The devastating earthquakes in Haiti have evoked a massive outpouring of support from around the world. In the face of tragedy, many hearts have opened, pouring out the love of God toward those in need. But there are others who use tragedy as an opportunity to condemn the victims.
For example, some think God deliberately sent the earthquakes to punish Haiti for its sins. The same kind of thinking led many Christian leaders to say that the disastrous Indian Ocean tsunami of 2004 was God’s punishment on unbelievers and that the terrorist attacks on the United States on 9/11/2001 were God’s punishment on abortionists, gay rights activists and the liberal filmmakers of Hollywood.
One problem with such thinking is that everybody is a sinner. Paul wrote, “All have sinned and come short of the glory of God.” And even if the liberal filmmakers of Hollywood actually were worse sinners than anybody else, they were in Hollywood, not the World Trade Center when the towers fell. If God were trying to punish specific groups of people, why does he seem to have such poor aim? After all, according to the Bible, it is the righteous who seem to do most of the suffering.
Ecclesiastes 8:1, for example, decries the unfairness of life, mourning the fact that the righteous get what the wicked deserve, and the wicked get what the righteous deserve.” The book of Psalms offers whole chapters lamenting why the wicked seem to thrive while the righteous suffer. “Many are the afflictions of the righteous,” says Psalms 34:19.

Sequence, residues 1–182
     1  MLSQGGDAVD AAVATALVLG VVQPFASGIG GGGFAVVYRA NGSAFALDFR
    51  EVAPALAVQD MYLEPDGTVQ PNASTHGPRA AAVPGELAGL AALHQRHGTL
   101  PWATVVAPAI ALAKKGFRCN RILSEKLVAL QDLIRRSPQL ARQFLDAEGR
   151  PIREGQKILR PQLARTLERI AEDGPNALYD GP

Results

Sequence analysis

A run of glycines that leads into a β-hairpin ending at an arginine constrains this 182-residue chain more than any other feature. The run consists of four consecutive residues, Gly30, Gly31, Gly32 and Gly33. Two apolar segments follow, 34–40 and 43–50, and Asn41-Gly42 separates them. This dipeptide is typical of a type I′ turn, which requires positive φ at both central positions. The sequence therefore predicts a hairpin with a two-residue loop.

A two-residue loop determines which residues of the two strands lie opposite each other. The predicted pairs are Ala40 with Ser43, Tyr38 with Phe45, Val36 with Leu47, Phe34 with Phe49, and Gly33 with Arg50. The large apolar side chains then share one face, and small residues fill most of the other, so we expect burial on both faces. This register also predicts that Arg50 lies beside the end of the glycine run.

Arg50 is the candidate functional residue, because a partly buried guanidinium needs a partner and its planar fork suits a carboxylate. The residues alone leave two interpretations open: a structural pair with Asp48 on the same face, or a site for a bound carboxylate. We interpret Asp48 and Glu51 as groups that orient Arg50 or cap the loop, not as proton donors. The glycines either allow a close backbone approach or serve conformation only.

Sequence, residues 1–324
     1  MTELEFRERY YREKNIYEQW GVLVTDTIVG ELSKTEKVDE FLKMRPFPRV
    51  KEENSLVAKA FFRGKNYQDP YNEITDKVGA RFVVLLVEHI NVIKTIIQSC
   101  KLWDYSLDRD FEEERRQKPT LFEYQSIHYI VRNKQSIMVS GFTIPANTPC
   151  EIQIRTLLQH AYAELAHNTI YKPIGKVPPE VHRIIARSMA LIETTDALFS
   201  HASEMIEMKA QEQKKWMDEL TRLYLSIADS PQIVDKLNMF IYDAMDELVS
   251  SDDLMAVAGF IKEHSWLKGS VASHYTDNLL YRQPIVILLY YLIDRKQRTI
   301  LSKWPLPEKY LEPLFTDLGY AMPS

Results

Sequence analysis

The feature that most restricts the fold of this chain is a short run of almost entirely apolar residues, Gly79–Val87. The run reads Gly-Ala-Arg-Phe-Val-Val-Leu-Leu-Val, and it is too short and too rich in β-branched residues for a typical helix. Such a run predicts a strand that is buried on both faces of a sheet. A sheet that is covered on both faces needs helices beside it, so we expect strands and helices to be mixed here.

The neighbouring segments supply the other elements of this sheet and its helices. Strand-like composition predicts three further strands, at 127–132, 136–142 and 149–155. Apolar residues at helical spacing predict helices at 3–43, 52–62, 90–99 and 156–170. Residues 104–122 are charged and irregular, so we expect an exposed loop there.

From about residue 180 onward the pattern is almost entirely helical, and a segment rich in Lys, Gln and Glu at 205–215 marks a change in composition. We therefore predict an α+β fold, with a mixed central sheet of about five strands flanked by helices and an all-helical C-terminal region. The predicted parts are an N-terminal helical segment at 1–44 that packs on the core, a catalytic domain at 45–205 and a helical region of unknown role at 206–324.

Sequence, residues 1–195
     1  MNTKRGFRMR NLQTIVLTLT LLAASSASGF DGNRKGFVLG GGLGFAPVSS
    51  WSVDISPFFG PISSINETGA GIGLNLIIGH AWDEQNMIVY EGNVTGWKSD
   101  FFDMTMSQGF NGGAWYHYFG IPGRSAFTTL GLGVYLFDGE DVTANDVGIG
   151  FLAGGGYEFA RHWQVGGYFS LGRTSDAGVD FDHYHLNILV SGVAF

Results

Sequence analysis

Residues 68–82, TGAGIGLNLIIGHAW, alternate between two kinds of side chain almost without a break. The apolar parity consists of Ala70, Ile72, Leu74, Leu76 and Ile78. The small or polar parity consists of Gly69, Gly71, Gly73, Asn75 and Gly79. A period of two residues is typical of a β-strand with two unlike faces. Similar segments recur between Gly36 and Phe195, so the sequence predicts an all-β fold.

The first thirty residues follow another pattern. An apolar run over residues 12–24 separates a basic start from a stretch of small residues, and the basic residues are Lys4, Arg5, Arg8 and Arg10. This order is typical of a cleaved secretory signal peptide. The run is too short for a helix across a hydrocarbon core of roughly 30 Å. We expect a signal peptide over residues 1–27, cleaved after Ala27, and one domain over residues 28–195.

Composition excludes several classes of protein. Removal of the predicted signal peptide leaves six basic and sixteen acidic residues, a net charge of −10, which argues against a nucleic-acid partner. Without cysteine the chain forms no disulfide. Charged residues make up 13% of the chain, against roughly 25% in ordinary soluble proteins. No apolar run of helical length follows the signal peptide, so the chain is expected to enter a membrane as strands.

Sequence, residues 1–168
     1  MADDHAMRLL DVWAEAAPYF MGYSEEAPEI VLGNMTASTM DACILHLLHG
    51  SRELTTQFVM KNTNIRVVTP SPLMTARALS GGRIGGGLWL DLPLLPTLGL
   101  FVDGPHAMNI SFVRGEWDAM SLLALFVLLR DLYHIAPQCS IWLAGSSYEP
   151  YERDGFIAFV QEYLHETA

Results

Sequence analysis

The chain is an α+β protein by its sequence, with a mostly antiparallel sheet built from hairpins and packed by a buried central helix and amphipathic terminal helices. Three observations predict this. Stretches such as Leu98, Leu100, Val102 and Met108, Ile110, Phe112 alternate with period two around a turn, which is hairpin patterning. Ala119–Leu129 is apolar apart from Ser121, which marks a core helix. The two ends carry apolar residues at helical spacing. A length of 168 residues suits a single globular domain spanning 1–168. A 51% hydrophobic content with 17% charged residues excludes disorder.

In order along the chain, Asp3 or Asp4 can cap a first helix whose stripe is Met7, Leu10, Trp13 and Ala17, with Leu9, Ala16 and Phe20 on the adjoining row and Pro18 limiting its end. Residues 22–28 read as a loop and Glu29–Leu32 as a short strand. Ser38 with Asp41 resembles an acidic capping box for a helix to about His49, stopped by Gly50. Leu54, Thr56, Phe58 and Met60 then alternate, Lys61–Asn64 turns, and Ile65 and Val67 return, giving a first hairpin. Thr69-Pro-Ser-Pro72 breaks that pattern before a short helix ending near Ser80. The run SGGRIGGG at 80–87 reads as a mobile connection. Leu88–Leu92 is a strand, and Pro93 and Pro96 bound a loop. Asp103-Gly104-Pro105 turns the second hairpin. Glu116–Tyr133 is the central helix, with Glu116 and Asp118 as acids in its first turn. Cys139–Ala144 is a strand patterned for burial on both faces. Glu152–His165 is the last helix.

Jesus is certainly well acquainted with suffering. The Son of God became a man like us and suffered like us. But suffering will not last forever. God loved the world so much, John 3:16 tells us, that he gave his Son that whoever believes in him would have new life. And verse 17 adds that Jesus came to save the world, not to condemn it (see John 3:16-17). If Jesus didn’t come to condemn the world, how much less is it our role to condemn the victims of a horrible disaster?
Death is part of life, and just as surely as we live, someday we will die. But the good news is that death is not the end of our story. God didn’t make human beings for a life of tragedy and sorrow; he made us for his new creation of wholeness and joy. Lives racked by pain, oppression and deprivation now will be full, complete and whole in the life of the new creation.
Christians hold this hope in faith—faith in the Son of God who in love freely took up our human cause as his own, even to the point of a cruel and horrible death, and then was raised again, not only for himself, but for us.
It is in this hope and love that we extend compassion and help to others, and all the more in times of great need. As we do, we taste the deepest riches of the true life that is yet to come.
I’m Joseph Tkach, speaking of LIFE.